A Belated Opening for Center : Education: CSUN officials say the problems at the $15.4-million science building have been solved.
When a curtain covering a plaque on the wall of Cal State Northridge’s new science building was pulled away during Monday’s dedication ceremony, patches of paint came off as well. The crowd of administrators, faculty and students good-naturedly laughed and booed at the minor damage. CSUN President James W. Cleary said not to worry: “It only shows how fresh the paint is.”
But the glitch in the unveiling of the much-heralded $15.4-million addition to the school’s science facilities served as a reminder of the long road the school trod before the grand opening of the addition, which includes a 105-seat planetarium, faculty offices and chemistry and biology labs.
Administrators said the opening of the science building, which has been in use since the start of the fall semester, was nearly 1 1/2 years later than planned because of construction delays, design changes and other problems. Some of the seemingly minor glitches--such as floor vibrations from the air conditioner--were particularly troublesome because they were in laboratories where sensitive experiments were to be conducted.
But having finally completed the building, school administrators showed it off Monday, saying the problems had been rectified and that the school now has a state-of-the-art science complex.
In a planetarium demonstration, they projected the Milky Way on the ceiling and tracked the moon’s rotation around the Earth. They took visitors on tours of the labs, showing off a molecular sciences lab where researchers can study such things as the makeup of pollution samples or DNA.
Cleary announced that the addition was dedicated to Assemblyman Richard Katz (D-Sylmar), who fought for three years to obtain funding for the new science center. He also said the new building will provide students with a top quality environment for science studies and noted that the planetarium will offer programs available to the whole community.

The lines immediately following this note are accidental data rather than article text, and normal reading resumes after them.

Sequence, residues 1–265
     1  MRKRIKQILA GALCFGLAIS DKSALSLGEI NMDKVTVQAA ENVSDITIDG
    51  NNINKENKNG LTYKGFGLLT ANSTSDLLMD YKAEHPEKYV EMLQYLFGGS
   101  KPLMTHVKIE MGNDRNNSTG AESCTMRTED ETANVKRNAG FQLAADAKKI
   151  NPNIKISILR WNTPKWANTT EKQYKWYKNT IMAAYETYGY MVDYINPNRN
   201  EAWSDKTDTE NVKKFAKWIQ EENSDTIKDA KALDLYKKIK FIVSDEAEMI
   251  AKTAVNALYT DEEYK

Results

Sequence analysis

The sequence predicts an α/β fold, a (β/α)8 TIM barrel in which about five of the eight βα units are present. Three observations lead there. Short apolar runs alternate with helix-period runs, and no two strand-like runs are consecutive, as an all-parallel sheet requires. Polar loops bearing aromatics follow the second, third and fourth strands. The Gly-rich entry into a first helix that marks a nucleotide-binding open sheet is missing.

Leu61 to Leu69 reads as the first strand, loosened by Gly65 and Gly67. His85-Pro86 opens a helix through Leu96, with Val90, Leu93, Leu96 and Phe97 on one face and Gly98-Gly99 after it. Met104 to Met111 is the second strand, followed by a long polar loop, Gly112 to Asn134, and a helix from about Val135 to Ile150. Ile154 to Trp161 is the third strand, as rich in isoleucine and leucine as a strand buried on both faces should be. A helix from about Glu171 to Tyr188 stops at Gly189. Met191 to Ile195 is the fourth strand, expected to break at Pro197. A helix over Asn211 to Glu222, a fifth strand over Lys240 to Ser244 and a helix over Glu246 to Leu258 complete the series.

“I think the opportunity the planetarium will provide is to assist us in our mission to bring the school and community together,” Cleary said. “It will be wonderful as a recruiting tool in terms of attracting youngsters to the field of science.”
Paul Klinedinst, acting dean of the School of Science and Mathematics, said the new facility was originally planned for completion in April, 1990, but was nevertheless worth the wait.
“I have been working on this for so long and there were so many obstacles, I got pessimistic,” Klinedinst said. “I was beginning to feel like Moses, wondering if I would see the promised land. But now it’s done, and I am very happy with it.”
Faculty members began discovering glitches and gaffes in the new center after construction was begun. Astronomy professors complained that seats in the planetarium were installed at a permanent incline, making use of the building as a lecture hall uncomfortable if not impossible. Some classrooms had automatic lighting fixtures that precluded using the rooms for slide presentations or films. And countertops in labs were not made from non-corrosive material.
The most disconcerting problem cropped up when the climate control system’s ventilation fans were tested and faculty and administration officials felt vibrations in the building. Though seemingly mild, the vibrations could blur the view through the sensitive electron microscope used by the biology department.
Cleary and Klinedinst said most of the problems were easily rectified with the project’s architect and contractor and university planners working together. Some countertops had to be replaced. The ventilation equipment was balanced and fine-tuned.
“Whatever vibration is left will not affect” laboratory equipment, Cleary said.
Officials said the planetarium seats can be adjusted by technicians, but it is unlikely that the hall will be used for lectures anyway because the astronomy department plans to use the hall almost full time for planetarium classes.
Cleary said the costs of making changes or repairs were not substantial and were paid by the builder. School officials said the cost of the new addition and permanently installed equipment was $14.3 million with another $1.1 million for other furnishings.
Reaction from science teachers to the new building on Monday was generally very good. Chemistry professor Dean Skovlin, who teaches lab classes in the new building, said there are still some bugs to iron out but overall he gave it a thumbs-up.
“I think everybody is pleased with the general appearance and function,” Skovlin said. “There are still things, as with any new building, that are going to need to be fine-tuned.”
At least one faculty member was glad Monday that he was not working in the new building. More than half of a floor in the new center was originally set to be used as classrooms and laboratories for Prof. Edward Pollock, but the microbiologist chose not to move from a 1950s-era science building.
Pollack said he decided to stay behind because he did not want to risk vibrations in the new building hindering his students’ use of the electron microscope. He said that, although fine-tuning of the ventilation system ended vibration in the floor, he has felt vibrations from walls in the new building.
“I think it is better to be away from these possible problems,” Pollock said. “I am glad I stayed where I am. I think that what I have over here is superior to the new building.
“Any new building looks nice with new paint and materials. But that doesn’t last long.”